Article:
Clinical Study to Determine if Ecopipam Can Reduce Urges to Gamble
This study is designed to test the hypothesis that ecopipam is able to reduce urges to gamble in patients diagnosed with Pathological Gambling.
|Study Design:||Endpoint Classification: Efficacy Study
Intervention Model: Single Group Assignment
Masking: Single Blind (Subject)
Primary Purpose: Treatment
|Official Title:||Ecopipam Treatment of Pathological Gambling|
- Statistically Significant (p<0.05) Decrease From Baseline in Yale Brown Obsessive Compulsive Scale Modified for Pathological Gambling [ Time Frame: Baseline and 6 weeks ] [ Designated as safety issue: No ]This scale assesses the severity of gambling urges and gambling behaviors. The study anticipates that there will be a reduction in either or both of these assessments. The range is from a minimum of 0 to a maximum of 40, where zero means no gambling urges occurred.
- Type, Frequency and Severity of Side Effects [ Time Frame: 6 weeks ] [ Designated as safety issue: Yes ]All side effects of the drug will be monitored and recorded
- Statistically Significant Changes in the Gambling Symptom Assessment Scale [ Time Frame: 6 weeks ] [ Designated as safety issue: No ]It is expected that there will be decreases in this scale
- Effects on the Clinical Global Impression [ Time Frame: 6 weeks ] [ Designated as safety issue: No ]Clinician's Global Impression is used assess severity and changes in clinical symptoms during and at the end of the study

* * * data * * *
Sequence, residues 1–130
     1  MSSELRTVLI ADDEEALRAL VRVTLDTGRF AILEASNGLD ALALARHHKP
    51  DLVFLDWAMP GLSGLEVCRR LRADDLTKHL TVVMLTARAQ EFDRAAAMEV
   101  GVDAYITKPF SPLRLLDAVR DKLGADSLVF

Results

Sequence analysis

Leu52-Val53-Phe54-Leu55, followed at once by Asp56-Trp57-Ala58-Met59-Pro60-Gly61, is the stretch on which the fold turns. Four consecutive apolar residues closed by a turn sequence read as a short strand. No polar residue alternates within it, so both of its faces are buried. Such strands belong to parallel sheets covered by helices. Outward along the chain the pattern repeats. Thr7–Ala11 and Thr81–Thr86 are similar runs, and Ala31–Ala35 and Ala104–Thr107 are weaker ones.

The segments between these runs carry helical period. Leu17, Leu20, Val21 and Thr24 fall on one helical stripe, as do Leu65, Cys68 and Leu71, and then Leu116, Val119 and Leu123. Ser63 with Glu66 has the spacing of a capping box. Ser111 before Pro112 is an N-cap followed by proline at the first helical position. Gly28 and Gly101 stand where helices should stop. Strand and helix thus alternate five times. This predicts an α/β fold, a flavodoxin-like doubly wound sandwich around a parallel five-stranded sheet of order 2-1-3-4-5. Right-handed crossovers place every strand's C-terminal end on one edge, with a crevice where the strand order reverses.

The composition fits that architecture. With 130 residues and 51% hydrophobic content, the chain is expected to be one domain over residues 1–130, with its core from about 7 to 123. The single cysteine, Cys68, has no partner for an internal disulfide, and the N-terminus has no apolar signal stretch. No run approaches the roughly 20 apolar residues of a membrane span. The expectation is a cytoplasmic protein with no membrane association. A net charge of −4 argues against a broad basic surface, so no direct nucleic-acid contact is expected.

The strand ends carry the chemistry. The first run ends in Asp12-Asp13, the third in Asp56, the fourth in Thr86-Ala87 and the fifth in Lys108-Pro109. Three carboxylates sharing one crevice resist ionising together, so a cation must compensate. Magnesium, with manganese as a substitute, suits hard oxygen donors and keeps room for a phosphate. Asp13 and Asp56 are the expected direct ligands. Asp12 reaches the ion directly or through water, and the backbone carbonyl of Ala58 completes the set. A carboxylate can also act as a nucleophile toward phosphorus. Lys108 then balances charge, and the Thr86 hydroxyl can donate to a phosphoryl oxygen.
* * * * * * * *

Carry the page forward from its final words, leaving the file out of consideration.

|Study Start Date:||October 2010|
|Study Completion Date:||August 2012|
|Primary Completion Date:||May 2012 (Final data collection date for primary outcome measure)|
Ecopipam is a selective antagonist of one the classes of dopamine receptor.
The purpose of this study is to determine if ecopipam is able to stop urges to gamble in patients diagnosed with Pathological Gambling. Nerves communicate with each other by releasing chemicals called "neurotransmitters". One of these neurotransmitters in the brain is called "dopamine". After dopamine is released by the nerve it "talks" to other nerves by interacting with receptors that are unique to that neurotransmitter. Ecopipam is a drug that selectively blocks one family of dopamine receptors. Some scientists believe that the urge to gamble is related to having too much dopamine in the brain. By blocking the receptors that dopamine uses, ecopipam may be able to relieve the urge to gamble.
|United States, California|
|University of California, Los Angeles|
|Los Angeles, California, United States, 90095|
|United States, Connecticut|
|New Haven, Connecticut, United States, 06519|
|United States, Iowa|
|Carver College of Medicine, University of Iowa|
|Iowa City, Iowa, United States, 52242|
|United States, Minnesota|
|University of Minnesota School of Medicine|
|Minneapolis, Minnesota, United States, 55454|
|Principal Investigator:||Jon Grant, MD||Univ. of Minnesota|
|Principal Investigator:||Donald Black, MD||Iowa University|
|Principal Investigator:||Timothy Fong, MD||University of California, Los Angeles|
|Principal Investigator:||Marc Potenza, MD||Yale University|